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Bellator 232: “Baby Slice” KO Victory Overturned to No Contest

Posted on 10/29/2019

By: Jesse Donathan

As BoxingInsider.com previously reported in, “Bellator 232 in Review: When Common Sense isn’t so Common,” Kevin Ferguson Jr., aka “Baby Slice,” scored a controversial 38-second KO victory over the weekend after raining down what appeared to be obvious illegal blows to the back of his opponent Craig Ferguson’s head. On Monday, reports surfaced that The Mohegan Tribe Department of Athletic Regulation (MTDAR) has officially overturned the Bellator 232 knockout victory for Kevin Ferguson Jr. and deemed the bout a no contest (NC).

According to an October 28, 2019 Sherdog.com article titled, “‘Baby Slice’ Has Bellator 232 Victory Overturned Due to Use of Illegal Elbows,” author Tristen Critchfield writes that MTDAR president Mike Mazzulli notified Bellator president Scott Coker of the commissions intentions to overturn the original results of the fight.

Referencing the official MTDAR letter to Coker, Sherdog.com went on to report, “In the case of the above-referenced bout, upon review of the tape, we have determined that the injury that stopped the bout was the result of an accidental foul; elbows to the back of the head.” The author Tristen Critchfield went on to quote the commission’s findings as concluding that, “Since the bout was stopped in the first round of a bout scheduled for three rounds, we have determined that the result of the bout must be changed to ‘no-contest.’”

The Bellator 232 no contest ruling comes on the heels of another no contest ruling at Bellator 231, which aired the previous evening on Friday night, also hosted at the Mohegan Sun Arena in Uncasville, Connecticut. As originally published in an October 25, 2019 EWrestling.com article titled, “Bellator 231: Jake Hager’s Third MMA Fight A “No Contest” Due To Low-Blows, AEW Represented At Show,” author Matt Boone writes that, “The third professional MMA bout of former WWE Superstar turned AEW wrestler Jake Hager ended in controversy.”

According to the report, “The fight was stopped less than two minutes after the action got underway due to Hager landing a hard groin shot on his opponent, the second for him in under 30 seconds.” Which unfortunately highlights a curious trend across promotional lines in mixed martial arts; athletes using otherwise illegal, prohibited techniques in the ring or cage to gain the upper hand over their rule abiding counterparts.

In August, former UFC two-division champion Daniel Cormier eye gouged Stipe Miocic in their championship title fight at UFC 241, itself a repeat of their first meeting at UFC 226 where Cormier again eye gouged Miocic shortly before knocking out the Ohio native to claim the UFC heavyweight title. After reclaiming the UFC heavyweight title in the rematch, Miocic reportedly underwent corrective surgery to restore his vision prior to a scheduled trilogy fight with the eye gouging Daniel Cormier in 2020.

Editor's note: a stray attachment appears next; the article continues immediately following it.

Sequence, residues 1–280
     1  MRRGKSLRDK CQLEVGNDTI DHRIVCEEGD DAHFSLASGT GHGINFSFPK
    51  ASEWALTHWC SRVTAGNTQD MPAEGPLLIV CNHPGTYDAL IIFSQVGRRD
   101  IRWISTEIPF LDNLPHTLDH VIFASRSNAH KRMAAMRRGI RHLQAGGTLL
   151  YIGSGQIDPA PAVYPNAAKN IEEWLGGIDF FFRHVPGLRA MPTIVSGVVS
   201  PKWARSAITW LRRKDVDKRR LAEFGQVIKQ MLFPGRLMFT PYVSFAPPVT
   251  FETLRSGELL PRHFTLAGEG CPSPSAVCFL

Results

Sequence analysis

And again, at UFC Fight Night 147 in March, welterweight Jorge Masvidal kicked opponent Darren Till in the groin before going on to knock the young British fighter out cold to cite just a small handful of cases in an increasingly regular occurrence in mixed martial arts competition. In a sport which was one governed with as few rules as possible, today athletes are routinely penalized for infractions that pale in comparison to some of the illegal techniques they are regularly given the benefit of the doubt over after already inflicting egregious bodily harm to their opponents.

Does the future of mixed martial arts exist in a sea of no contests and “unintentional” fouls as the referee’s all too often look the other way when their law-abiding contestants bare the true responsibility for their opponent’s illegal behavior? Interestingly, according to a Predictem.com article titled, “Boxing Betting Rules,” author Scotty L. writes that, “Results are decided in the ring on the date of the fight. In other words, any changes made to the result of a fight due to a failed drug test, a successful appeal, an incorrect scoring procedure, etc. will have no bearing.” The report goes on to state that, “The decision rendered at the conclusion of a fight is binding. Also, you have no recourse if you come out on the short end of a controversial result, regardless of how overt the incompetence or corruption of the officials was.”

The sum of which brings an entirely new perspective and plane of understanding to some of the most controversial topics in the combat sports entertainment industry today. With referee Bryan Miner having originally ruled the Ferguson Jr./Campbell fight a knockout victory for “Baby Slice” Saturday night, clearly dropping the ball on Ferguson Jr.’s use of illegal strikes to the back of his opponents head, the 800-pound gorilla in the room is whether or not anything else occurred over the weekend at Bellator 231 and 232 that the MTDAR may want to go back and take a second look at? With tribal lands traditionally being a place where MMA rules and regulations are fast and loose, its interesting to consider just how often Roy “Big Country” Nelson has found himself fighting at the Mohegan Sun Arena in Uncasville, Connecticut.

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